It’s 3 p.m. For the past 10 minutes, you’ve had one thing on your mind. Now it’s all you can think about. You can see it so clearly, it’s all you can do not to jump from your desk, lunge across the hall and embrace the object of your affection — a bag of salty chips.
Food cravings can be very powerful, and if you find yourself daydreaming about a bowl of popcorn during an afternoon lull, or craving a sweet dessert even though you’re full from dinner, you may need to discover the real reasons behind your cravings.
Cravings may bombard your mind for many reasons, but hunger usually isn’t one of them. Once you figure out why you’re craving the foods you do, you can try to control your cravings, and hopefully, get through the day without gorging yourself.
What is a craving?
Being hungry is one thing; you’ll eat almost anything when you’re hungry. A craving, on the other hand, is the desire for a specific food or taste, even if you aren’t hungry. Most people experience food cravings at one time or another, but if your craving becomes an addiction, it’s time to stop biting off more than you can chew and worry.
A food addiction is a type of eating disorder, and involves an uncontrollable urge to consume a specific food. This craving usually leads to recurrent binging on the desired food, and is often followed by feelings of guilt and depression.
Most cravings, however, are not signs of a food addiction, but have simple physiological or psychological causes, and can be easily controlled by eating a diet that emphasizes all foods in moderation.
5 common causes of cravings
If someone told you not to think about pink zebras, your mind would be filled with images of galloping pink zebras. The same goes for dieting — when you ban certain foods from your diet, you are going to crave the very foods you are trying to avoid, and may end up binging on these outlawed morsels. Which, of course, defeats the whole point of a diet.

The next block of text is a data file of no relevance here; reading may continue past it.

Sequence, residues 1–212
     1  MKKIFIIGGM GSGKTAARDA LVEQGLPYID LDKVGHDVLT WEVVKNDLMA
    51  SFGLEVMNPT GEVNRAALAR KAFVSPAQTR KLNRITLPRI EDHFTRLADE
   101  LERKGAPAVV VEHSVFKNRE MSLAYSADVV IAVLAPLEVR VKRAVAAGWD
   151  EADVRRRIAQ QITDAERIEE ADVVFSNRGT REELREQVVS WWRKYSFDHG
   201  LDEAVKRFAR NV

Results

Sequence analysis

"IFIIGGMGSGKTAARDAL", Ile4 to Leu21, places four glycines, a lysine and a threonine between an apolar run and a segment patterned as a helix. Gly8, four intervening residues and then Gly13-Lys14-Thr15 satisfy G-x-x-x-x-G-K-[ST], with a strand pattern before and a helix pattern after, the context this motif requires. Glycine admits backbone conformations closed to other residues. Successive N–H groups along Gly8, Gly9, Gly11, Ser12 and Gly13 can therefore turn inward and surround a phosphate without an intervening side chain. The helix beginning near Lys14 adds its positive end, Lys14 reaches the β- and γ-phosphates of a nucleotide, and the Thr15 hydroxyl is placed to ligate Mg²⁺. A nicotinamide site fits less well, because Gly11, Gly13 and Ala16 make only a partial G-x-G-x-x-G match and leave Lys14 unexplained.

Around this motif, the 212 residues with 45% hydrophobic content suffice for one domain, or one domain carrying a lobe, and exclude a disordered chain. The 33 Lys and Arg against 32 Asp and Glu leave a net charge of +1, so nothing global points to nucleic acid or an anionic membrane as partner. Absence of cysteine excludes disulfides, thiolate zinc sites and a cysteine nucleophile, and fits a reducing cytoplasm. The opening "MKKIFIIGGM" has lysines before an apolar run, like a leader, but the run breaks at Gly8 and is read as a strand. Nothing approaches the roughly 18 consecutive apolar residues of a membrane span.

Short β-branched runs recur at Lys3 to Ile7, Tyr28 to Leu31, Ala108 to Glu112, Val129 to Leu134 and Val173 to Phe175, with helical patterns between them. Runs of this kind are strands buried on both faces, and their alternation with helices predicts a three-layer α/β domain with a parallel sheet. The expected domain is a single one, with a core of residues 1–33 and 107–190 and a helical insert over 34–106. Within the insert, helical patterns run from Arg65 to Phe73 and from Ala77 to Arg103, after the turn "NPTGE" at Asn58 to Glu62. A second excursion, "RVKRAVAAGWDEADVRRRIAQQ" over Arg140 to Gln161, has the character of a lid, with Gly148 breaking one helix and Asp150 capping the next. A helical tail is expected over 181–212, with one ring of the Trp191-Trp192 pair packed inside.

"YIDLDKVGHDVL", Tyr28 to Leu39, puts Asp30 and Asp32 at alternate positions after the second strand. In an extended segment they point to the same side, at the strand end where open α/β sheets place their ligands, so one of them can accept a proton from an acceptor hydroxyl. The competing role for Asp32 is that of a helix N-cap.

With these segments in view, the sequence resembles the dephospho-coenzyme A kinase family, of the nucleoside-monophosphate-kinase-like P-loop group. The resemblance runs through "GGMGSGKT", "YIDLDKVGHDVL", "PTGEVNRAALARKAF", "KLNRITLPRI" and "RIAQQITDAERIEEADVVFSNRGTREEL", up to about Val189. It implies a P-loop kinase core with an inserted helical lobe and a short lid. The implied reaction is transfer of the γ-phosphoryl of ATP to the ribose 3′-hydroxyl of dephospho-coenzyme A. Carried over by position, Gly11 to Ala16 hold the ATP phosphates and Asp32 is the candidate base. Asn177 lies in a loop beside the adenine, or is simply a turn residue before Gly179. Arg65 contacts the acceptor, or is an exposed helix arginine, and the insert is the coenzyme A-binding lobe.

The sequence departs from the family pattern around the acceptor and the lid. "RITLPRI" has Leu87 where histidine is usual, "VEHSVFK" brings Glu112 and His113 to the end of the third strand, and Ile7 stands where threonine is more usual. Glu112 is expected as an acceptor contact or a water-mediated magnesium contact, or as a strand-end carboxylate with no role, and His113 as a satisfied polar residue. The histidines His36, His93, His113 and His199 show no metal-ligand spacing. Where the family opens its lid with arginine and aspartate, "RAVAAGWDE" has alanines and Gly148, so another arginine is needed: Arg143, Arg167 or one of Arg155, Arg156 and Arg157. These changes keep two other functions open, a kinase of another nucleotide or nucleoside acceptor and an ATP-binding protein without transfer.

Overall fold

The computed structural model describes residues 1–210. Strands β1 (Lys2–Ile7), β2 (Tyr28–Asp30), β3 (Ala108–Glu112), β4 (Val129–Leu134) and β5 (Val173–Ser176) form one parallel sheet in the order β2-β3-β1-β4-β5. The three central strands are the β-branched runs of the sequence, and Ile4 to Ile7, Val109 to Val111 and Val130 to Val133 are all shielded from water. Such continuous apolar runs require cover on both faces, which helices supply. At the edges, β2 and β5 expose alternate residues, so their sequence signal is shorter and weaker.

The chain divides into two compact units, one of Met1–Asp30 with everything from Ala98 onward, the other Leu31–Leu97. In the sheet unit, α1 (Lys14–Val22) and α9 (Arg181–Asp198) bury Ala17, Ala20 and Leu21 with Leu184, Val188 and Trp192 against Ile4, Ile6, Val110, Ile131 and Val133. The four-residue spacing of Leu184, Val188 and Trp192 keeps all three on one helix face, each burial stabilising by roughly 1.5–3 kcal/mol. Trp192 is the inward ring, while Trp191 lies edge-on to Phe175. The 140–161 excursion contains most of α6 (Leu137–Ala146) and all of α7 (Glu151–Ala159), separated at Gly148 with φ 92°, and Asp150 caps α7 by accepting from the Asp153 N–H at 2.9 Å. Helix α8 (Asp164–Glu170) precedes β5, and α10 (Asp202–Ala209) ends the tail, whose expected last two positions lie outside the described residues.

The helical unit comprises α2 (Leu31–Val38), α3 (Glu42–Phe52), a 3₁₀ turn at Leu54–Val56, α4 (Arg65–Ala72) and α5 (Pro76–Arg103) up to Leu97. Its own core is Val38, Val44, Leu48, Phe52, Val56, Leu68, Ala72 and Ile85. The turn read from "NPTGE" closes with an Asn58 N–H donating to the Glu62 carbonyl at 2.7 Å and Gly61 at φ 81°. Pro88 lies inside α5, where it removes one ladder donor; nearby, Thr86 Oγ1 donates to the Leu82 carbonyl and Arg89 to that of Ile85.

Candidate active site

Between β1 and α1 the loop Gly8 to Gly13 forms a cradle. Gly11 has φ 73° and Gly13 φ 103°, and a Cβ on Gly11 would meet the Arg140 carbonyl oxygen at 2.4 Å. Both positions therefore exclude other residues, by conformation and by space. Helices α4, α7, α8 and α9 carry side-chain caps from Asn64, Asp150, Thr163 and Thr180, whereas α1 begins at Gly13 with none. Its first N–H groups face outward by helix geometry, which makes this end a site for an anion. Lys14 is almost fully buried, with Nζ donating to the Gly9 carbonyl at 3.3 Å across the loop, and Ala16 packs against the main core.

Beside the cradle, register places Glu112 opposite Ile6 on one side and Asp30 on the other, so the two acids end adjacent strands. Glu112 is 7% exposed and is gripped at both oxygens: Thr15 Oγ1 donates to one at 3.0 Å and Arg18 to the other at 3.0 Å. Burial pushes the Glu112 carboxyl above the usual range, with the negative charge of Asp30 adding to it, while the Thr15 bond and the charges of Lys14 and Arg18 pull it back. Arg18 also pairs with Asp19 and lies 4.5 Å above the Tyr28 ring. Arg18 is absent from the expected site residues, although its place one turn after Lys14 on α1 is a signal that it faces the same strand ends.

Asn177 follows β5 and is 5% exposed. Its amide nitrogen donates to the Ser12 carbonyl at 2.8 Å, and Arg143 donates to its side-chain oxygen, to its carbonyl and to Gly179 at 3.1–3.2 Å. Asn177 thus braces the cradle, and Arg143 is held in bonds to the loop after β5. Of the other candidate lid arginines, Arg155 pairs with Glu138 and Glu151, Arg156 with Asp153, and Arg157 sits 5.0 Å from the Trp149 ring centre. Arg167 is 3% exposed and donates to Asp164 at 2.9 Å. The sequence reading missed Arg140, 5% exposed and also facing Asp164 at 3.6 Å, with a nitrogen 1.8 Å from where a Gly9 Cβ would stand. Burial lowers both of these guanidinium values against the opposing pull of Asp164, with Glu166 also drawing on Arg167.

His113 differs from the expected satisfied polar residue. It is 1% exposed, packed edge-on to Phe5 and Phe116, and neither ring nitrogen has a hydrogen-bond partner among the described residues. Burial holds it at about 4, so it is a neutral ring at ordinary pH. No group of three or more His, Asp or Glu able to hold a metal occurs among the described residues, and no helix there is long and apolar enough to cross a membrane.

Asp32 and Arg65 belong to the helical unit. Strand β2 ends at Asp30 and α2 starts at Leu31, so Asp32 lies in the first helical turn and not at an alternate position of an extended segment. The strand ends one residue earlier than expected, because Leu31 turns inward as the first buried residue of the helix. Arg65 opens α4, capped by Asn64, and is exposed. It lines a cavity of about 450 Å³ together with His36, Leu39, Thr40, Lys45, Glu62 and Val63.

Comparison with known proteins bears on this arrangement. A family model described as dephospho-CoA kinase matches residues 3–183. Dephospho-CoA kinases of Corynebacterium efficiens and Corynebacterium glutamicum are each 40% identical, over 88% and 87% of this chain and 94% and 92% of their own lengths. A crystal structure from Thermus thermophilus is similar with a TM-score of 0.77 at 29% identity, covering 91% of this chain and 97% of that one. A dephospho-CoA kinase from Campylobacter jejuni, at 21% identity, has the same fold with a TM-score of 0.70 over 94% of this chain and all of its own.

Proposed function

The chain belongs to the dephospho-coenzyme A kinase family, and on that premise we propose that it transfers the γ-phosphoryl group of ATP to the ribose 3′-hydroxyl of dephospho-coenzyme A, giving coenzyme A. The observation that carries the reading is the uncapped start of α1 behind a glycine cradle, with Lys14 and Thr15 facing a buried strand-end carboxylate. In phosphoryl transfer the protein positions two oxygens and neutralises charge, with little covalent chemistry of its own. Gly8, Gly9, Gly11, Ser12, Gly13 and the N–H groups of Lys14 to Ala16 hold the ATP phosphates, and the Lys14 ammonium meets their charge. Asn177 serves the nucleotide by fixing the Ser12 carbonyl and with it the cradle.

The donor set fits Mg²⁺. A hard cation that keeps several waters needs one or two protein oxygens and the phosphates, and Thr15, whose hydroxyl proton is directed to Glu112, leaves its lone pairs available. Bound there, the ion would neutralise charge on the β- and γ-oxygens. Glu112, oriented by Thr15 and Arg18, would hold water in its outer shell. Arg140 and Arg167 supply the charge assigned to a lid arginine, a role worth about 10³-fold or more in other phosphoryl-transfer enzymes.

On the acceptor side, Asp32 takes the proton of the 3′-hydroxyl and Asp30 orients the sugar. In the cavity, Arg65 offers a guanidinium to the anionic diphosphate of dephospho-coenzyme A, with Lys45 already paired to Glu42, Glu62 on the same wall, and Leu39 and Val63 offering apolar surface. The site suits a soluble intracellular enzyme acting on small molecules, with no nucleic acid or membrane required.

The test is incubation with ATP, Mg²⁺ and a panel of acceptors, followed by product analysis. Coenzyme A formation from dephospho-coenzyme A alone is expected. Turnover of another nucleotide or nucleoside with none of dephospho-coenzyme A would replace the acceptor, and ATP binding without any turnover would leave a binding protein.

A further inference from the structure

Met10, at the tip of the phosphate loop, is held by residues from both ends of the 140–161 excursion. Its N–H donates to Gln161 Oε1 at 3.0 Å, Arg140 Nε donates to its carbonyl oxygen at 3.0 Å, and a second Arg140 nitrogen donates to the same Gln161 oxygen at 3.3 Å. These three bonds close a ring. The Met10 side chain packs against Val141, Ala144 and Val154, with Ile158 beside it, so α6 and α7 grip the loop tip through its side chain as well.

Your body could be lacking something, or your mom may have caused your cravings…
2- Bodily Needs
It’s possible that you may be craving nutrients your body is deficient in. Low blood sugar can cause carbohydrate cravings, since low glucose levels indicate that the body’s glycogen stores have become depleted (often due to heavy exercise or going long periods without eating).
Brain chemistry may also be involved in food cravings. Low serotonin levels (a hormone responsible for feelings of pleasure and relaxation) may lead to carbohydrate cravings, since carbohydrates supply the body with tryptophan, which helps to increase serotonin levels.
Some cravings exist due to habit. For instance, your family may have eaten dessert every night after dinner while you were growing up. Now, if dessert doesn’t appear every night after dinner, you crave something sweet.
Or maybe the cravings are all in your head. The mind is a very powerful tool, and mental associations can often trigger cravings. Passing a bakery on your way home may elicit a craving for donuts, or a billboard ad for McDonald’s may trigger a craving for french fries. Certain activities are also linked to cravings. Watching movies, for example, is heavily associated with eating popcorn and candy, so just the mention of a movie can drum up a craving for junk food.
4- Comfort eating